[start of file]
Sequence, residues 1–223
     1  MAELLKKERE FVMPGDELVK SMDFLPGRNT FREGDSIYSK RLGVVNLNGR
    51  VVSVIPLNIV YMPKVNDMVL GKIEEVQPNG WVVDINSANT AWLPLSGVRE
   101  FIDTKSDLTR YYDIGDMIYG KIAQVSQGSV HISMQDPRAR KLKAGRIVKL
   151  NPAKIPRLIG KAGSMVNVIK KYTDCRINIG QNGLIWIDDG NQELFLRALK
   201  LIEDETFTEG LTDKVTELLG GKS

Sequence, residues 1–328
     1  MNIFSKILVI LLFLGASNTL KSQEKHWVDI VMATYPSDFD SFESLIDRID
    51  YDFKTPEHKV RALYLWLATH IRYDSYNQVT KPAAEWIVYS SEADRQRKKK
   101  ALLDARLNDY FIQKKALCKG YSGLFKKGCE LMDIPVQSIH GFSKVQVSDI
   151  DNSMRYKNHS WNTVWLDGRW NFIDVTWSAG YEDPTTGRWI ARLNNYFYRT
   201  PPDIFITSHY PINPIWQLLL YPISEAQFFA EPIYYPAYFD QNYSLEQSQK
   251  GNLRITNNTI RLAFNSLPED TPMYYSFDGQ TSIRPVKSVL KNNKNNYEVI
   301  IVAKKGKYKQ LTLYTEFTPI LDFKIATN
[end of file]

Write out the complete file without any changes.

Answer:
Sequence, residues 1–223
     1  MAELLKKERE FVMPGDELVK SMDFLPGRNT FREGDSIYSK RLGVVNLNGR
    51  VVSVIPLNIV YMPKVNDMVL GKIEEVQPNG WVVDINSANT AWLPLSGVRE
   101  FIDTKSDLTR YYDIGDMIYG KIAQVSQGSV HISMQDPRAR KLKAGRIVKL
   151  NPAKIPRLIG KAGSMVNVIK KYTDCRINIG QNGLIWIDDG NQELFLRALK
   201  LIEDETFTEG LTDKVTELLG GKS

Sequence, residues 1–328
     1  MNIFSKILVI LLFLGASNTL KSQEKHWVDI VMATYPSDFD SFESLIDRID
    51  YDFKTPEHKV RALYLWLATH IRYDSYNQVT KPAAEWIVYS SEADRQRKKK
   101  ALLDARLNDY FIQKKALCKG YSGLFKKGCE LMDIPVQSIH GFSKVQVSDI
   151  DNSMRYKNHS WNTVWLDGRW NFIDVTWSAG YEDPTTGRWI ARLNNYFYRT
   201  PPDIFITSHY PINPIWQLLL YPISEAQFFA EPIYYPAYFD QNYSLEQSQK
   251  GNLRITNNTI RLAFNSLPED TPMYYSFDGQ TSIRPVKSVL KNNKNNYEVI
   301  IVAKKGKYKQ LTLYTEFTPI LDFKIATN